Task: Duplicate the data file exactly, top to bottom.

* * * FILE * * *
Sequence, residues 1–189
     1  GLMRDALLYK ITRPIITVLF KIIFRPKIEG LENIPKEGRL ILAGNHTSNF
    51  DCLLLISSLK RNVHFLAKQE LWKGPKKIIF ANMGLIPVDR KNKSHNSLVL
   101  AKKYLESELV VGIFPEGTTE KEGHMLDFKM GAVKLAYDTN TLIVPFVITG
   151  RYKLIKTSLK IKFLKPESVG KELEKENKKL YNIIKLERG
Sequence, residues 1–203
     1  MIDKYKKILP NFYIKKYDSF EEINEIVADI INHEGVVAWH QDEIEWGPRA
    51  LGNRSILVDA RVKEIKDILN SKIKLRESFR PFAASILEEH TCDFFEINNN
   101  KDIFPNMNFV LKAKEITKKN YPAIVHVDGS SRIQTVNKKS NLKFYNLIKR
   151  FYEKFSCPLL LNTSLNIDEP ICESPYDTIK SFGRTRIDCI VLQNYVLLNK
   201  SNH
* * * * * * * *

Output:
Sequence, residues 1–189
     1  GLMRDALLYK ITRPIITVLF KIIFRPKIEG LENIPKEGRL ILAGNHTSNF
    51  DCLLLISSLK RNVHFLAKQE LWKGPKKIIF ANMGLIPVDR KNKSHNSLVL
   101  AKKYLESELV VGIFPEGTTE KEGHMLDFKM GAVKLAYDTN TLIVPFVITG
   151  RYKLIKTSLK IKFLKPESVG KELEKENKKL YNIIKLERG
Sequence, residues 1–203
     1  MIDKYKKILP NFYIKKYDSF EEINEIVADI INHEGVVAWH QDEIEWGPRA
    51  LGNRSILVDA RVKEIKDILN SKIKLRESFR PFAASILEEH TCDFFEINNN
   101  KDIFPNMNFV LKAKEITKKN YPAIVHVDGS SRIQTVNKKS NLKFYNLIKR
   151  FYEKFSCPLL LNTSLNIDEP ICESPYDTIK SFGRTRIDCI VLQNYVLLNK
   201  SNH